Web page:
Inconsistency hindering Swansea success

Posted by Max Hicks

Geoff Caddick/AFP/Getty ImagesSwansea's draw with Hull City on Monday had its share of tense moments.

To re-appropriate Horatio Smith's famous quip, inconsistency is the only thing in which Swansea City have been consistent, at least during this season. The Swans were at it again during Monday night's 1-1 draw with Hull, a game in which apparently three sides took part; bad Swansea, good Swansea, and Hull City.

- Report: Swansea 1-1 Hull City

Perhaps the most telling symptom of inconsistency is that Michael Laudrup is yet to field the same starting XI in back-to-back games this season. The Swans might have expanded their squad over the summer, but that's an impressive feat of rotation for even the deepest roster. If the ever-changing team sheets have escaped notice, then the Swans' performances certainly have not, and it is on the field where Swansea's inconsistency has been most obvious.

After strong showings against Stoke and Fulham, the Swans fell at home to Valencia and gave up against Manchester City, only to then put in an outstanding performance against Newcastle. A disproportionate number of Swansea's goals have come in the second half, suggesting that the inconsistency is endemic even in the context of a single match.

Perhaps on paper, defeats against strong sides and superior performances against weaker sides seems par for the course, but the Swans have only been the better side in a loss once this season -- in the 2-0 defeat to Southampton. That pattern suggests that when this side plays like they want to win, they usually do. I'm not suggesting that Swansea might have beaten Manchester City simply on strength of will alone -- some battles are just too big -- but this is still a side with a surprising amount of control over its own destiny. The biggest teams excluded, there is not a single side in the Premier League that Swansea aren't capable of beating, if not beating well.

What was especially frustrating on Monday was that the FA apparently chose that night to continue its compensation for all those appalling decisions which have gone against the Swans lately. While Swansea were able to take full advantage of what can only be described as generous refereeing against Newcastle, they were not able to capitalise on more of the same against Hull, and I'm not sure how much longer the Swans' complimentary "big six referee package" will last. This might have been it, although it'd be nice to see a penalty against Norwich just to finish things off in style; Swans' spot kicks are about as rare as a John Jensen goal, after all.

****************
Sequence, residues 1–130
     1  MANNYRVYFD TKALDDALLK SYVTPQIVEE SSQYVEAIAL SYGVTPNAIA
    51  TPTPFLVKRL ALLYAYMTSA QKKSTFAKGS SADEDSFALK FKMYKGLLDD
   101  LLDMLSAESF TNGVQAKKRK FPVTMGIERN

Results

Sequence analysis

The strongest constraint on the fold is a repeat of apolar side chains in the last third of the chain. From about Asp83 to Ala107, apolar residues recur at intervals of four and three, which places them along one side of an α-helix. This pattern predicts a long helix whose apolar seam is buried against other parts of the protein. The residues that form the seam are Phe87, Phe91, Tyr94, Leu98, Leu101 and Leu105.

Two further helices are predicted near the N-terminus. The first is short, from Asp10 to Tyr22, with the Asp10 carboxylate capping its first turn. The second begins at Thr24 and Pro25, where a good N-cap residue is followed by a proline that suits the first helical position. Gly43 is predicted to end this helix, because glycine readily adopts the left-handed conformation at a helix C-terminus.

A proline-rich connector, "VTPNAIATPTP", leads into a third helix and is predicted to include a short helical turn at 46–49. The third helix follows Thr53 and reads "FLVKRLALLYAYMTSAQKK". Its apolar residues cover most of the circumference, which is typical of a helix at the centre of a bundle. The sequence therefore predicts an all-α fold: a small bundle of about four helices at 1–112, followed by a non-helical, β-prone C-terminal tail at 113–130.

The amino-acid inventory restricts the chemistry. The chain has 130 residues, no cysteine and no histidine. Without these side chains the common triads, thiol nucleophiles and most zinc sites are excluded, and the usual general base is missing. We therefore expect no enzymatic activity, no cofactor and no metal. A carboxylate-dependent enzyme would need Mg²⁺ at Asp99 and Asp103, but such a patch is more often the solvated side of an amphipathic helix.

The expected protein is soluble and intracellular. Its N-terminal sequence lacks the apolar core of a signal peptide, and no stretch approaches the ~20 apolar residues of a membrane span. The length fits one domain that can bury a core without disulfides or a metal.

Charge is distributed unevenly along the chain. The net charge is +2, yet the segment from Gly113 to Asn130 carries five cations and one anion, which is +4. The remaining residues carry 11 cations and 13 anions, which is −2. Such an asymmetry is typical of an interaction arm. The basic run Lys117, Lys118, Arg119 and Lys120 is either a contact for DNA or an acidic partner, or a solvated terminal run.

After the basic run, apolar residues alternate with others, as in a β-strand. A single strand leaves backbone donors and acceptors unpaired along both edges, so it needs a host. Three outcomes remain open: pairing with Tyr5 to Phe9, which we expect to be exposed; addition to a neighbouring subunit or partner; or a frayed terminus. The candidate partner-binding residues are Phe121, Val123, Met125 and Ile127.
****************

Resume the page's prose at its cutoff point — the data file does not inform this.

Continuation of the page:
Refereeing aside, Monday night's draw was a textbook examination of Swansea's Jekyll and Hyde character this season. A first half full of mis-hit passes and mute communication, the Swan'’ movement as slow as frozen toffee, then a second half (or a final 30 minutes in honesty) full of pace, intelligence, desire and spark. A full 90 minutes of the good stuff and the Swans take three points by the interval, with all due respect to Hull.

The quicksand tempo of much of the Swans' play this season has been disconcerting. One of the first elements Laudrup introduced to Swansea when he arrived was pace of play, and although this season's side haven't quite backslid into a Brendan Rodgers' era sleepwalk, it has been hard to discern where the drop-off in vitality has come from. The squad rotation alone undermines the use of the Europa League as a scapegoat.

It was a small relief then when Laudrup himself was critical of his side's lack of urgency in the wake of Monday's draw. If nothing else, that means the lack of pace at least isn't attributable to some horrible new tactical development. His observation that "we did not move the ball fast enough" squarely puts the responsibility onto the players instead.

Clearly, Laudrup still wants his side to play fast, and with good reason. This study, and I'm sure there are others like it, heavily suggests that a team's success is directly related to the number of quality shots it takes, which in turn is directly related to how quickly the side moves the ball into shooting areas in the first place. When the Swans are playing well, they are usually doing so at pace; when they play poorly, they are usually standing still. Perhaps the key to solving the Swans' inconsistency might be as simple as providing a coffee machine in the dressing room?

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